While the dead lie in mass graves, no reason is given for this vicious plague upon humanity. It is all by chance. A bat and a pig meeting under the tiniest most trivial of circumstances. It has no purpose, no reason, no justification for being. It simply is.

In a word, we are powerless.

Points of Thematic Disagreement

It is unfair to the filmmakers to reduce Contagion’s themes to this simple set of three, but I do so for the sake of time and because these three I find the most unrealistic and untrue. Yes, the film occasionally takes time to venerate the courageous ethical choices of the main cast in spite of the gloom and despair. We get a host of scientists who work tirelessly and sacrificially to find a cure and one parent who tries to protect his daughter in a hostile environment. Yes, a cure is discovered. But curiously none of these examples fit the tagline or emotional tenor of the movie.

This is a thriller, designed to thrill with the terror and discomfort of an invisible unstoppable killer. A contagion finds you, infects you, and then ends you for no rational or understandable purpose. It is the fear of the unknown, it tears through the social and moral fabric of world because it can. All the while this virus manages to expose the thin artificial nature of basic human decency, constantly reminding us how uncertain and tenuous our mortal existence really is.

Contagion fails to show that outside a few brave scientists in laboratories there is a greater innate hope beyond mere survival. But this is wrong. If the police never arrive, justice does not die. If the nurses never show up, healing does not cease.

I must agree with Contagion’s premise that fear exists and death may strike any one of us at any moment. I agree that uncertainty can cause humans to reveal the worst aspects of our nature: cowardice, rage, violence, greed, brutality. Those things are true. But as a spiritual person and confessing Christian, I sense that no one is truly powerless. Fear is not as contagious as the film would have us believe.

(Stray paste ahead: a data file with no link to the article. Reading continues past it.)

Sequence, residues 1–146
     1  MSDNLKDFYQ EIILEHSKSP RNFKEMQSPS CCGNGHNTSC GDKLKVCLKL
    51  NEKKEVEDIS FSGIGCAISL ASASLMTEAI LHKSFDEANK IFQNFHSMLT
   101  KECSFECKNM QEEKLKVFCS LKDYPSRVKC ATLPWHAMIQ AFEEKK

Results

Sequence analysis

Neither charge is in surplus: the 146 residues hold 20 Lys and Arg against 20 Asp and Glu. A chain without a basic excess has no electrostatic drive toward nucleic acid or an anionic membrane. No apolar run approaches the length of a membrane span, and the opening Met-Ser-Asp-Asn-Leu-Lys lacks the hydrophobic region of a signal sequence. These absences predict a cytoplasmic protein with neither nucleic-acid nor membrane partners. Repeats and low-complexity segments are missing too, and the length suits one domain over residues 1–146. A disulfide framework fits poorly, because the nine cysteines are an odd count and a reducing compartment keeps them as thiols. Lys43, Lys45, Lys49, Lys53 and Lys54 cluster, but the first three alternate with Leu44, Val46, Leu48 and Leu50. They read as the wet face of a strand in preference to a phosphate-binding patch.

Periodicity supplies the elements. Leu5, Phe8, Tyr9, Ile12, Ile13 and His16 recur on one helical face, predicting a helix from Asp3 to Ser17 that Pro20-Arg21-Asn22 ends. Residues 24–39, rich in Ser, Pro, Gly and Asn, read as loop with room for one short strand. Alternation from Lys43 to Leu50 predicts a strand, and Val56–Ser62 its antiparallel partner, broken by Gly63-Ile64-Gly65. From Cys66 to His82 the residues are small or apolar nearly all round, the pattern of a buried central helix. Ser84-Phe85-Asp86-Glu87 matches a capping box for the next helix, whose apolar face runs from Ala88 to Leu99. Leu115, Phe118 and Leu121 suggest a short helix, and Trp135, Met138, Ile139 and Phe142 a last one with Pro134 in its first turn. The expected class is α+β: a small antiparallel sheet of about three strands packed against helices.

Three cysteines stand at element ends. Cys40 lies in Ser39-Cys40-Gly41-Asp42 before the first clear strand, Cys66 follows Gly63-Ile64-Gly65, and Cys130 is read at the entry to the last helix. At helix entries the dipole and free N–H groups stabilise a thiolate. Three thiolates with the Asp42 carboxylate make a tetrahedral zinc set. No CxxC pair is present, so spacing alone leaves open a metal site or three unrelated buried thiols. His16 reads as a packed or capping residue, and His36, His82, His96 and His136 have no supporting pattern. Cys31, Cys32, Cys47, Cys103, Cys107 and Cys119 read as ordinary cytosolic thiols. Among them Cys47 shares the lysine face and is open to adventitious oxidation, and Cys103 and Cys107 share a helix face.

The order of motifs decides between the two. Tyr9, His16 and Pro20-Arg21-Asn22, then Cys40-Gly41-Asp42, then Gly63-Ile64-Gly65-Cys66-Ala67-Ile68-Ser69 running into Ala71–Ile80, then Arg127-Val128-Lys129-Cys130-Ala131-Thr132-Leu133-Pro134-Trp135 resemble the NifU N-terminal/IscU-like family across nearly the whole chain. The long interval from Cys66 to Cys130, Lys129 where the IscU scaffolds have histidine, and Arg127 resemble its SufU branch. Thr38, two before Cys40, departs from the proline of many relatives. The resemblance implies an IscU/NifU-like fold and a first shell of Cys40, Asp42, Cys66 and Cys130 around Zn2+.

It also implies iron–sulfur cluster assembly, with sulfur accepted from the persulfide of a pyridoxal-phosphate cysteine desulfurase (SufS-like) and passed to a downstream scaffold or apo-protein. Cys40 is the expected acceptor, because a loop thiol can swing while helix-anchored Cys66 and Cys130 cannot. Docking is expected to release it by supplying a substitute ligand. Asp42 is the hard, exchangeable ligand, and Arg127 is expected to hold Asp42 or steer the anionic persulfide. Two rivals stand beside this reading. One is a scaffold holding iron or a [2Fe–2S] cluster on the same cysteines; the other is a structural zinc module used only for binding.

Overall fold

I’ve never been through a global catastrophe or natural disaster, but in such times many things spread other than fear . When earthquakes rip apart Haiti, there may be corruption but there is also a tremendous outpouring of relief workers and foreign aide. When tsunamis sweep innocent victims into the ocean, there is tragedy but there is also supplies and medical assistance donated almost immediately.

Fear is contagious, but hope is even more contagious.
Selfishness is contagious, but love is doubly so.
Chaos is contagious, but structure and purpose far outstrip it.

Humans may not naturally incline toward love and hope and purpose, but once given an example to follow they eventually learn to be better humans. If such a deadly contagion befell our race, a loving God would sustain us in love and help us continue to press on as we have always done. We would forge new societies, new bonds, and new purpose out of the ashes. A disease which kills the body does not necessarily kill the soul. That is the infectious nature of hope.